McDonald’s is the latest company to ditch the Chief Marketing Officer role, with news that Silvia Lagnado is leaving the company and her role absorbed by restructuring. The CMO role similarly disappeared in recent years at Johnson & Johnson, Kimberly Clark, Mars, Uber, Lyft, Taco Bell, Beam Suntory, Hyatt, and Coca-Cola.
While 70% of the Fortune 500 still have a CMO role, that percentage is dropping, and new titles of flourishing, most popularly the Chief Growth Officer. In a telling example, Alison Lewis recently left J&J as CMO to join Kimberly Clark as Chief Growth Officer. Two years earlier, Alison had called the rise of the Chief Growth Officer role “symbolic”. At the time, Alison Lewis said:
“To me it’s a positioning thing because of course my role is to drive growth. I always say I want more people to use our products more often. It’s that simple. If you interpret marketing as a fluff word and think it’s just all the over the top stuff, I think you’re absolutely wrong.”
J&J is backfilling her role with a CGO, not a CMO.
The Chief Growth Officer role does have a larger remit than the traditional Chief Marketing Officer. Often the role includes direct responsibility for other functional groups usually kept separate, like innovation, R&D and sales. Importantly it has full P&L authority. It addresses one of the curses of the traditional CMO role — that it was sometimes saddled with high expectations, yet with limited levers to actually deliver on those expectations.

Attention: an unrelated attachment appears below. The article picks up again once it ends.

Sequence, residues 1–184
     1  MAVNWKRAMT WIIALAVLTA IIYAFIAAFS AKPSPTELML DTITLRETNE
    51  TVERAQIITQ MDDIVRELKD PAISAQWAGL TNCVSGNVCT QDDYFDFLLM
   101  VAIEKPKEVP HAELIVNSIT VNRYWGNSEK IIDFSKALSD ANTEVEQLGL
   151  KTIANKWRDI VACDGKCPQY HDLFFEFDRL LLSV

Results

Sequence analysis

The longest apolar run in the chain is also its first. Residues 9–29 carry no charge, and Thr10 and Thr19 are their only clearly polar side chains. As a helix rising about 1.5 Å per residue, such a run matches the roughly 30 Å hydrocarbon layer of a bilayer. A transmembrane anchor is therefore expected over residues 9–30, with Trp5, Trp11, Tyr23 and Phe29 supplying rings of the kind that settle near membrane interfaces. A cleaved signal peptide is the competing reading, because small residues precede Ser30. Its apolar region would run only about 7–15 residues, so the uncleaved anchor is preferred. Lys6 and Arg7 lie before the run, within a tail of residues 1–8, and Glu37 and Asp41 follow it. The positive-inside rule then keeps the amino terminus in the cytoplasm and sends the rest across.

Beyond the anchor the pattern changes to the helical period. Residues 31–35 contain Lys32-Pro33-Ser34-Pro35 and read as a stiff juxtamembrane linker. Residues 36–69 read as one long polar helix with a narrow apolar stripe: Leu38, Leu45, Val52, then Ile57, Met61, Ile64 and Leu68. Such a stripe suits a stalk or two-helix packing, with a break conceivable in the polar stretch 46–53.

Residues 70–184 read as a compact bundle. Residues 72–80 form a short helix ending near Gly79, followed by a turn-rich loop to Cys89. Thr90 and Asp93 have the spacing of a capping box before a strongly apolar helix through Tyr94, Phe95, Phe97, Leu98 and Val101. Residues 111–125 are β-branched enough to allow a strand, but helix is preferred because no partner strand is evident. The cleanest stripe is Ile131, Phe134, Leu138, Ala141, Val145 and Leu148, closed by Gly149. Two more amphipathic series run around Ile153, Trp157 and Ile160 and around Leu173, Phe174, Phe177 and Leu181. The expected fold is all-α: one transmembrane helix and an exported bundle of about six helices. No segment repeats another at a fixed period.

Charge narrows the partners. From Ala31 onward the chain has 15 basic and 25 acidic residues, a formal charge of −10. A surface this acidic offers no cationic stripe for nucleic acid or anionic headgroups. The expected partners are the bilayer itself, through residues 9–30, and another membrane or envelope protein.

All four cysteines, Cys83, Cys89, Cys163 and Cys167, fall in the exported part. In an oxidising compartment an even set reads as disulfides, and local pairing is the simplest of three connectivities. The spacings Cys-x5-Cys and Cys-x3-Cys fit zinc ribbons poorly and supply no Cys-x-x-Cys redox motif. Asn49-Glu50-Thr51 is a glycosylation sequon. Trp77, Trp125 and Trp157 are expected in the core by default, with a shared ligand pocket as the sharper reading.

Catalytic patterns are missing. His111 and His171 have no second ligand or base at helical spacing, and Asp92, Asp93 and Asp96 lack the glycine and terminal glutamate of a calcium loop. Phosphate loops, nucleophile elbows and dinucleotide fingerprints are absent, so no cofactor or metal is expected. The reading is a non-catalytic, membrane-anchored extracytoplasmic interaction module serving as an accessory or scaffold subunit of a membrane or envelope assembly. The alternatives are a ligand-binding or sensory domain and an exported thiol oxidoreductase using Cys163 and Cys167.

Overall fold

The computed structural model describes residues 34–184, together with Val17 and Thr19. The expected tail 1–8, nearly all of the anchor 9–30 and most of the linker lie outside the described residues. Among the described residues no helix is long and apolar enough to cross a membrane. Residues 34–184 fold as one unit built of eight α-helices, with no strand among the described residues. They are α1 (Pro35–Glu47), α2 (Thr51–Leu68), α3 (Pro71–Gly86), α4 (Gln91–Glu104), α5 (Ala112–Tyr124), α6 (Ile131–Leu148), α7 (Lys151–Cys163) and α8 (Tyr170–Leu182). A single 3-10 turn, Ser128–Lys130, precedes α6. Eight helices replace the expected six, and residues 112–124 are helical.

Yet, I think the loss of the CMO in the C-suite also reflects a crisis of confidence in marketing in general. As Alison Lewis referenced, marketing is too often perceived as merely a “fluff word”. As Forrester analyst Keith Johnston put it, “We’re at that tipping point where we’re trying to decide what marketing even means in this era.”
I think addressing that confidence gap should be a goal of every marketer, at every level, not just the C-Suite. Titles aside, marketers of all stripes need to understand the full P&L, drive growth, impact the full customer journey, and think about the whole organization, not just marketing as a standalone silo.
We have to continually earn our seat at the table.
Here are a few related cartoons I’ve drawn over the years: